If I were to use all the superlatives I'm minded to in writing this, you could probably be forgiven for wondering if I was related to a member of the cast.
Mahabharata is, for Hindus at least, the 'Great story of India', at 100,000 verses the longest epic poem in world literature, and dating from at least 500BC one of the oldest. Alongside the Ramayana it forms one of the cornerstones of Hindu scriptures, and its scope is best summarised by one of its beginning passages - "What is found here, may be found elsewhere. What is not found here, will not be found elsewhere".
In essence, the story centres around a family feud between two sets of royal cousins - the Pandava brothers and their common wife Draupadi, led by our hero Arjuna and the Kauravas, headed up by the villain Duryodhana. I say villain - the philosophy of the epic tends to present a universe where all are governed by destiny, unresponsible for their actions, and Duryodhana was "born to hate the world and all that is in it". In the west most people might be more aware of the Bhagavad Gita, the discourse within it where Krishna teaches Arjuna the nature of dharma, or duty, on the eve of battle as Arjuna has doubts about what he is about to embark on, ending here with the famous quote "Now I am become death, the destroyer of worlds".
As with any great epic, there's love, deceit, and a great battle in which hundreds of thousands are slaughtered, with it being highly debateable whether there were truly any winners at the climax, and ultimately Draupadi, who is a perhaps surprisingly modern woman for the time the story is set (5000 years ago) makes the decision to end the pointless cycle of revenge and counter-revenge.
Not every member of this cast could quite handle all of those aspects themselves, but all were highly capable in at least three of them each, and as an ensemble cast achieved the goal admirably, seemlessly integrating as they moved about all three dimensions of the stageset so you would be hard pressed to work out who was better at what.
Categorising the genre of this production is less than straightforward for those used to standard western performing arts; it is a piece of Kathak, which at its heart is a work of dance, but is so much more than that - a true Kathak performer must be able to dance, sing, act, mime, speak, play percussion instruments, and work puppets.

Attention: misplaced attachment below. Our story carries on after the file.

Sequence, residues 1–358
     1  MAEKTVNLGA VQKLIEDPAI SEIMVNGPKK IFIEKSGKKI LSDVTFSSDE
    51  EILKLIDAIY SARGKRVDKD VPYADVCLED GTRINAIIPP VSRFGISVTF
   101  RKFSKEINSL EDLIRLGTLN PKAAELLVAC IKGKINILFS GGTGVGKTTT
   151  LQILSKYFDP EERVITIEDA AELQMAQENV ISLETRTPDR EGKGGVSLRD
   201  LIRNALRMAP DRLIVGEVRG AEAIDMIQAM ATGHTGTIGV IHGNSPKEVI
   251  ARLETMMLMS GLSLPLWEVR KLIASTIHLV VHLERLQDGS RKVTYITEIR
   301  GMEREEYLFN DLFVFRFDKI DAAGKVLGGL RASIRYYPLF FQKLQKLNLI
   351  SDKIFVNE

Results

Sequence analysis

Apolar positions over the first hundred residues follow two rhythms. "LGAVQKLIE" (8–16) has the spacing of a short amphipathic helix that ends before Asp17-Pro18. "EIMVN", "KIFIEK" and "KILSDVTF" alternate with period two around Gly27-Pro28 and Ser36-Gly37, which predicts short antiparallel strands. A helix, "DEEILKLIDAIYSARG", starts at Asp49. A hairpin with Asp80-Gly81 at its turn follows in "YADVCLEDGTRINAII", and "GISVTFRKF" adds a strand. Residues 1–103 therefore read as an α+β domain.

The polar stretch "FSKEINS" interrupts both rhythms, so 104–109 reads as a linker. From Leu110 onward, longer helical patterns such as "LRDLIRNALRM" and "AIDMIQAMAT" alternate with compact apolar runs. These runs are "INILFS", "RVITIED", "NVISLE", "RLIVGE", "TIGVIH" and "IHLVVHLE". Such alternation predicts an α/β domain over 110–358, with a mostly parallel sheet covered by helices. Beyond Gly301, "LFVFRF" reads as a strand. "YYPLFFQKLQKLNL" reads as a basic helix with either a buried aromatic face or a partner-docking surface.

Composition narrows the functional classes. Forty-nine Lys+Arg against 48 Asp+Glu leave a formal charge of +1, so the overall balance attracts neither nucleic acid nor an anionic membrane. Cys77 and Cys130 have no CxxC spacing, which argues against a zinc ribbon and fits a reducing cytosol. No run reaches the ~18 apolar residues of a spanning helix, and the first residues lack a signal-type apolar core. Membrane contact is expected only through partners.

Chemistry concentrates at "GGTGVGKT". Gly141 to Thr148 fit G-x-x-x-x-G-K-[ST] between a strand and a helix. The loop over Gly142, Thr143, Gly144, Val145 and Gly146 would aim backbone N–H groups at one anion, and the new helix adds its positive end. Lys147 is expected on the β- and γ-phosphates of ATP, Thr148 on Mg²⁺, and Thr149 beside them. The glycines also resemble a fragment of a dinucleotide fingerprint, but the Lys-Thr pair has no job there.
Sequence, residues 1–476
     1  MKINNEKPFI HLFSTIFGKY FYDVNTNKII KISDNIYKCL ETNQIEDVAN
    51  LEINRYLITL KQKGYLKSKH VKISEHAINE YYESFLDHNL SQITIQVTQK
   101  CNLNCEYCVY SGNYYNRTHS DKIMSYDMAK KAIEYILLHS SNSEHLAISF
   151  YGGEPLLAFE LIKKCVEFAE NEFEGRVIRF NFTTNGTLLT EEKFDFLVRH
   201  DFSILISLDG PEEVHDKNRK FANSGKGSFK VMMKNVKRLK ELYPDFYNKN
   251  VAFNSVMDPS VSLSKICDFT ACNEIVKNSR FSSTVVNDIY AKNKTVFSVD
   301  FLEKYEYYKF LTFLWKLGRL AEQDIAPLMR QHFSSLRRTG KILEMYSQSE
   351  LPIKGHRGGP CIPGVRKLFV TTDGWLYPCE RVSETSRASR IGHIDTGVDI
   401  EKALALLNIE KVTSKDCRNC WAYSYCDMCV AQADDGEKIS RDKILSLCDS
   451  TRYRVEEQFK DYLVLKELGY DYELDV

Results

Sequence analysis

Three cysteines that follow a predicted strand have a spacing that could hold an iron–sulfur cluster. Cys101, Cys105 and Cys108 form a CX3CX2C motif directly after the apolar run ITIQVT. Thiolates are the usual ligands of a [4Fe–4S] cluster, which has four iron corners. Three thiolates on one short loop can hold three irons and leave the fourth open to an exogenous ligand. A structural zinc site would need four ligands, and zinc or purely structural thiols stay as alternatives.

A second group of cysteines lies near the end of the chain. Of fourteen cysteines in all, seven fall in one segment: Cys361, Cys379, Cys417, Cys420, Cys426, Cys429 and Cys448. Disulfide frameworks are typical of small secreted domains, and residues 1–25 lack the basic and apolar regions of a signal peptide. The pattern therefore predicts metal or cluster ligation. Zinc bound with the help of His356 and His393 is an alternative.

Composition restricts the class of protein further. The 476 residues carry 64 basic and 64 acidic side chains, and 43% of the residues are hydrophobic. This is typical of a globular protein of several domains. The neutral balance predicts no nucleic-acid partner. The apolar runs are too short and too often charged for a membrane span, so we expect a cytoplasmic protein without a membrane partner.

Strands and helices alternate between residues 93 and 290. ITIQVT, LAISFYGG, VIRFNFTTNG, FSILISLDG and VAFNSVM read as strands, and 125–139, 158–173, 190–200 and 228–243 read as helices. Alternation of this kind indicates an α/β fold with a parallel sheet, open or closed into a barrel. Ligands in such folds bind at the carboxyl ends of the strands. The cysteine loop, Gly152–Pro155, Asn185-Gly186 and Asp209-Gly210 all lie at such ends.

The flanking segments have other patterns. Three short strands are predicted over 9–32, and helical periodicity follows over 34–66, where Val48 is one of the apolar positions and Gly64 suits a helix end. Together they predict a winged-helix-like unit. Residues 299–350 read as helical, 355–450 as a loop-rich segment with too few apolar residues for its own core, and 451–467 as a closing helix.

Ensemble is certainly a key word to describe the production as a whole, in fact. Often in musical theatre or dance one is left with the impression that the creators of the choreography, music, and text will have occasionally spoke on the phone together, but essentially worked in isolation leaving it to the director to finally bring the components together, but in this production there was an overriding sense of genuine collaboration between all concerned, working together to produce a united whole as a production from the outset. On the credits page Nitin Sawhney was listed first as composer for his fine music, but perhaps an alphabetical credit listing would have been more appropriate. Amongst the musicians the ethereal bansuri (Indian flute) playing of Lisa Mallett must be given special mention as it floated throughout the theatre, and Natasha Jayetileke's Draupadi was every bit the strong-whilst-feminine woman of the story.
In staging and set design, less is more was clearly the operative thinking - which is by no means to say it was minimal or sparse, but instead well judged, tastefully designed, and effective. The most complex visual effects were executed by means of pieces of cloth, lights, and mesh screens, proving that lasers and video screens are rarely necessary to create the magic of the stage.
It may just have been because it was Tuesday night, but sadly the Alex seemed to be barely half-full - if you have no evening plans for any night the rest of this week, you could do little better than to catch it whilst you can.